Harlow had a similar impulse as United States troops fought in the Middle East. Now a retired school administrator, she was at the time a member of the Berne-Knox-Westerlo School Board. She objected then when the school posted a sign out front saying, “God bless our soldiers,” raising the question about soldiers on the other side.

Burger’s second song was one she wrote to honor her retiring rabbi, incorporating Hebrew words for “I am here,” “Together we are strong,” and “It would have been enough.”

“It would have been enough,” sang Burger, “if all you shared was wisdom … yet you brought us such compassion.”

Jacquie Donahoe, a woodcarver, described how her heart was broken on May 24 when she learned of the schoolhouse slaughter in Uvalde, Texas.

Donahoe had spent 38 years working with children as an occupational therapist.

“I went from heartbreak to anger to depression and finally I went to hopelessness,” she said. “I knew our politicians would send thoughts and prayers. I wanted to send more.”

She came up with the “off the wall” idea of carving “comfort birds” to help the bereaved families. Usually, she carves the birds for patients on dialysis or undergoing chemotherapy treatments for cancer.

Donahoe passed around sample birds so people could feel the comforting smoothness of the wood creations.

After many hang-ups as she tried to offer her birds to Uvalde, she came across a woman who understood their worth as a tent to provide mental-health services was being set up in Uvalde.

Other woodcarvers joined her. “We now have 365 comfort birds down there and counting,” said Donahoe.

Other prayers followed. Mwaka Nachi offered a prayer for peace in an African language.

Luke Chmielinski provided a prayer from the 14th Dalai Lama, Tenzin Gyatso: “We are visitors on this planet. We are here for 90 or 100 years at the most. During that period, we must try to do something good, something useful, with our lives. If you contribute to other people’s happiness you will find the true goal, the true meaning of life.”

Bahá’í prayers were read by Faramarz Monzavi and Marziea Monzavi — one in English and the other in Persian.

Barbara Sinecore, in her prayer, said, “The times are scary.” She quoted from local singer Ruth Pelham: “We’re all a family under one sky.”

Sinecore said she heard God telling her, “You are a Quaker. Quakers ask probing questions of themselves.”

And so she asked what would happen if we patterned our lives after holy people and learned how they dealt with suffering and joy.

“Would we feel less alone today?” she asked.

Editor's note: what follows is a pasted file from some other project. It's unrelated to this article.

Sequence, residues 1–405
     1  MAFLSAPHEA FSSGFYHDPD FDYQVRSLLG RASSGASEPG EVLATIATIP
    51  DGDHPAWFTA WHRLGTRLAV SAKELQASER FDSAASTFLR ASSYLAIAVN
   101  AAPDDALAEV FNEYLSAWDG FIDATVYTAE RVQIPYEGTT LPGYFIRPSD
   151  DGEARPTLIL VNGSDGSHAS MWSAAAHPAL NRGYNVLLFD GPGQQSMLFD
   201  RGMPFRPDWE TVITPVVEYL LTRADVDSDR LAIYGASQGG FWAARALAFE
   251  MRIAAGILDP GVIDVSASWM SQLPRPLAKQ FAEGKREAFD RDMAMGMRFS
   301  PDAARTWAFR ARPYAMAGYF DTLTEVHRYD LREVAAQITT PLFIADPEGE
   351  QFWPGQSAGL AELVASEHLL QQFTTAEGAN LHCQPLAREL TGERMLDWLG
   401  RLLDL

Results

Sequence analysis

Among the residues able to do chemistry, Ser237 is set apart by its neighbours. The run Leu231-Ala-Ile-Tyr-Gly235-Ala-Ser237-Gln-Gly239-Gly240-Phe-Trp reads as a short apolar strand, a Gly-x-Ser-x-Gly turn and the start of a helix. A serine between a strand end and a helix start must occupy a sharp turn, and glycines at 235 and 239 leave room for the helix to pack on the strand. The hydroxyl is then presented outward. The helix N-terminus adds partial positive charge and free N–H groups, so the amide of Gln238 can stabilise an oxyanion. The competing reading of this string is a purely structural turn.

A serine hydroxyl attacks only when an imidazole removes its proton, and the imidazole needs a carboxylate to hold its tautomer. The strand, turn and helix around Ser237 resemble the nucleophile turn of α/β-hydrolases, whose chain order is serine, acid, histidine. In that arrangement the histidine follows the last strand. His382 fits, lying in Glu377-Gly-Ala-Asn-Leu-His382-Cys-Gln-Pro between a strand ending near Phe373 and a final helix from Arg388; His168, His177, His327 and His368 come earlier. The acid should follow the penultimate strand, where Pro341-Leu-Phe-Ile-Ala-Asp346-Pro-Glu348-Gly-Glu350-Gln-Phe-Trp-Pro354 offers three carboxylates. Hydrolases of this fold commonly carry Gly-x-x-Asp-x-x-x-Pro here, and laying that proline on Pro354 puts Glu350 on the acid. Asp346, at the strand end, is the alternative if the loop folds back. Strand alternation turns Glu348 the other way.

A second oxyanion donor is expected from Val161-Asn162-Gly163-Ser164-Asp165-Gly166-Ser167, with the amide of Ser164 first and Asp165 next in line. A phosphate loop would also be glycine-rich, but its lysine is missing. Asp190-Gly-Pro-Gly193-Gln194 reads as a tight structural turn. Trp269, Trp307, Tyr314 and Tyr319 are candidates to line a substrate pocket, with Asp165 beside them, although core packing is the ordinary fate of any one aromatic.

Sinecore then sang, “We all are doors if we choose to be …. One of these doors is you and me.”

She provided a basket full of colorful paper “doors” and urged those at the gathering, “Find new and creative ways to be doors.”

Among the devotional offerings, the heart-stopper was a steel-drum band, called the Kids’ Peace Band. Each of their matching blue T-shirts was centered with a peace sign.

They performed a stirring rendition of Bill Withers’s “Lean on Me”: Lean on me when you’re not strong and I’ll be your friend. I’ll help you carry on.  For it won’t be long till I’m gonna need somebody to lean on.”

The Peace Band closed out the morning with: “We are drops of one ocean, we are waves of one sea. Come and join us in our quest for unity.”

Harlow thanked them for “music to my ears.”

More Hilltowns News

  • Electric bills from National Grid obtained by The Enterprise show that the town of Berne frequently underpaid for its services — while some months not paying at all — and accumulated late fees and disconnection notices throughout 2021 and up to the present.

  • At a lightly-attended annual meeting held at the Berne Town Hall last week, Kenneth’s Army members defended their group against accusations of financial misdealings and disregard for the sisters of the group’s namesake — providing key evidence when it could — while non-members criticized The Enterprise for its coverage of those issues.

  • The Knox Conservation Advisory Council has tapped a local group of nature walkers, the Thursday Naturalists, to develop a species list for the wetland area where the town had once installed a public boardwalk that has since fallen into disrepair. The chairman of the council has said that he hopes to rehabilitate the boardwalk.